After months of polls and rallies, interviews and debates, the French presidential campaign wraps up at midnight tonight, followed by the customary media moratorium leading in to Sunday’s vote.
The status quo looks to have it in the bag – the preferred candidate of the European Union, of finance and the media conglomerates finishes his campaign with a twenty-two percent lead in the latest ELABE/BFMTV poll, and the blessings of the global political establishment.
French media are reporting on plans for Macron’s victory night celebration in Paris and already speculating on his first day in office at the Elysée Palace.
Triumphal images of Macron on campaign dominate the news channels and the front pages of the press whilst Le Pen is attacked at every turn, the unity of thought across the media at times resembling a one-party state.
A populist revolt, although not impossible, looks – through the French media prism at least – unlikely. And yet, in the same poll, 19% of respondents declaring themselves certain to vote, are still undecided and there remains a visceral anger at the political system across the country.
Amongst Le Pen supporters, many of whom remain hopeful for a victory on Sunday, there is also a sentiment that five more years of tumult for France would help build on recent electoral gains for the Front National, transforming the movement into a political force to rival the establishment party machines, particularly if a good result can be achieved in next month’s parliamentary elections.
Whilst the implantation of the Front National across France has been dramatic in the past decade, in many locations the movement lacks a ground presence, relying on motivated volunteers to cover large areas.
The priority, if hopes are dashed on Sunday, must be to water the grassroots outside the northern industrial and south-eastern heartlands and beyond recently won territories, winning power from the mayoral level up to the national parliament, party sources tell the Gateway Pundit.
Many observers point to the potential roadblocks of a Le Pen presidency without a parliamentary majority although alliance building would be on the cards if Le Pen causes a stir on Sunday, as seen in her choice of prime minister, Nicolas Dupont-Aignan.
Whilst many party faithful see the 2022 presidential election as the Plan B, others on the French right believe it is now or never. If a nationalist candidate cannot succeed under the current conditions in France, it can never happen, they argue. Moreover, given the dramatic circumstances the country faces, many believe that France cannot weather another five years along its current trajectory.
They point to an almost decade long economic slump, closing factories and slowly dying towns. Pessimism is the order of the day, outside of Paris at least, fueled by a sense that the country is living off past glories, selling the family silver to pay its bills, with many young people seeing no long-term future at home.
The family silver? Vast swathes of vineyards being sold off to foreign investors, and fire sales on the country’s architectural heritage due to crippling inheritance taxes which prevent the passing down of family businesses and centuries old properties to the next generation. ‘For Sale’ signs litter the urban landscape. As the nation’s heritage is sold off, with it disappears the national morale and belief in revival.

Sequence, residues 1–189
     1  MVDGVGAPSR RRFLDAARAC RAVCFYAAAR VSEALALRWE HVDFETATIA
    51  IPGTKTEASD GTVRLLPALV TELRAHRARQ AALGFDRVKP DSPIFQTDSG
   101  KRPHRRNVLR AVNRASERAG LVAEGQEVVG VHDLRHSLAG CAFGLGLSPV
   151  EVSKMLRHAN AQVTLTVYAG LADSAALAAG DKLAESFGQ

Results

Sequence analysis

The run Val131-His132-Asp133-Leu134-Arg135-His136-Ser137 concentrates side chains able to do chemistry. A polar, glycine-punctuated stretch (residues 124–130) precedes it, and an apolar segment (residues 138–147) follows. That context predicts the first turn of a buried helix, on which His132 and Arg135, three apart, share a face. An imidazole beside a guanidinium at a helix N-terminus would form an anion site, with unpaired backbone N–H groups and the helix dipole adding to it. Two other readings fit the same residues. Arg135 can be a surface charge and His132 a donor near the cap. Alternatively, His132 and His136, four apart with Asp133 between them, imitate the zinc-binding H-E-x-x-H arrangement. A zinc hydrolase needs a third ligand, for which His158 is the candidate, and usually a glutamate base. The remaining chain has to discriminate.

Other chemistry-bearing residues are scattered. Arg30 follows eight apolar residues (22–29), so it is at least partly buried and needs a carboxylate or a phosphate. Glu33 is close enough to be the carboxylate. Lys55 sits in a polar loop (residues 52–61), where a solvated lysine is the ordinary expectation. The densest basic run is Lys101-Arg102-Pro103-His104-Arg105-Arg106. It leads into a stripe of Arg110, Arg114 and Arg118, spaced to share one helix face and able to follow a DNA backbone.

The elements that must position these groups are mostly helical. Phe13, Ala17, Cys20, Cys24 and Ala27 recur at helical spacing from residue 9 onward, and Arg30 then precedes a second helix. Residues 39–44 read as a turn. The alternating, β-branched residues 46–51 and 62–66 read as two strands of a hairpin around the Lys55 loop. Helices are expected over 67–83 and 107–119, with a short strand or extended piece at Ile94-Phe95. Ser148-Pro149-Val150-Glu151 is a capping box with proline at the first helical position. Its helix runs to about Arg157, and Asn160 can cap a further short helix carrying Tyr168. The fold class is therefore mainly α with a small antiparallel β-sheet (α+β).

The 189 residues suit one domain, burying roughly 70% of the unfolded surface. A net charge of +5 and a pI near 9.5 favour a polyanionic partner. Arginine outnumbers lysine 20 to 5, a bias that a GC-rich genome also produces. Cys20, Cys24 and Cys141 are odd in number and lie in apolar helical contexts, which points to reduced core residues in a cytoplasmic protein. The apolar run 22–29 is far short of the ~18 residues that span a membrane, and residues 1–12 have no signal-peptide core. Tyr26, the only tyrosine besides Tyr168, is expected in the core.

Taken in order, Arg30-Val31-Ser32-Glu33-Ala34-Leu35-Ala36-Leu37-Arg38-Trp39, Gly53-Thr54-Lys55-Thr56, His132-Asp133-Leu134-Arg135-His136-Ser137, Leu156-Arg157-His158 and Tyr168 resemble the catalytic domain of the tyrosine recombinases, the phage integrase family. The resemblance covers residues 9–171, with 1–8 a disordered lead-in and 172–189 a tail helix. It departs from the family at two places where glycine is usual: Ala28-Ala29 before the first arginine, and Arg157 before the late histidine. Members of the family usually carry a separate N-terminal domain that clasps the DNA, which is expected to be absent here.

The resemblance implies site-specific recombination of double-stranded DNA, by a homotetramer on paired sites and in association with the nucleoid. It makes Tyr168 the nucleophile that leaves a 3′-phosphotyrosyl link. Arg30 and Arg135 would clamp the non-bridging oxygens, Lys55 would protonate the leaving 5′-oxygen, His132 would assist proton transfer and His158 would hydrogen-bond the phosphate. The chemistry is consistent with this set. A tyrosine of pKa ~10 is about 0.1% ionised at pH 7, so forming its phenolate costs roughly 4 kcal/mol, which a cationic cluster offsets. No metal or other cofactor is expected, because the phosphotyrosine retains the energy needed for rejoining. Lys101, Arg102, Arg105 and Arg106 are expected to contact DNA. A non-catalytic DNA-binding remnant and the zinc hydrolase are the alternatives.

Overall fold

In parallel with these economic woes, France is increasingly plagued by a phenomenon referred to as ‘l’insécurité’, a lawlessness ranging from car burnings and vandalism to arson attacks on police stations, largely committed by the criminal element of its immigrant underclass, the result of decades of mass immigration and failed integration policy.
And perhaps the most ominous sign of what lies ahead – the spread of Salafist Islam, one of the most visible signs of France’s demographic transformation, and its marriage with the delinquency and armed criminality of the suburbs.
It is no longer unusual to hear the French discuss civil conflict, even civil war, seen as unavoidable by many, including police and security services. The prospect of dividing the country along religious lines has even been discussed at government level.
All of these problems would continue or intensify under a Macron presidency, Le Pen campaigners agree, pointing to his failure to turn the economy around whilst serving as socialist François Hollande’s finance minister, and noting his praise for open borders advocate, Angela Merkel.
Le Pen speaking to the press this morning, before embarking on her final campaign stop to the historically symbolic cathedral of Reims, confidently predicted a democratic revolt that could not be prevented. Voters have the choice between her and the continuation of the previous socialist government, she stated, as represented by Monsieur Macron.
Only time will tell if Marine Le Pen has succeeded in the challenging task of communicating her message to French voters, despite a hostile media and all the firepower of an entrenched elite. If beaten, she may well profit from another five years of voter disillusionment to triumph at the next race but the real question that must be asked is what state the historic nation could find itself in by that time, and how – between now and then – it would weather the storms to come.
Photo Credit: Frédéric Gouis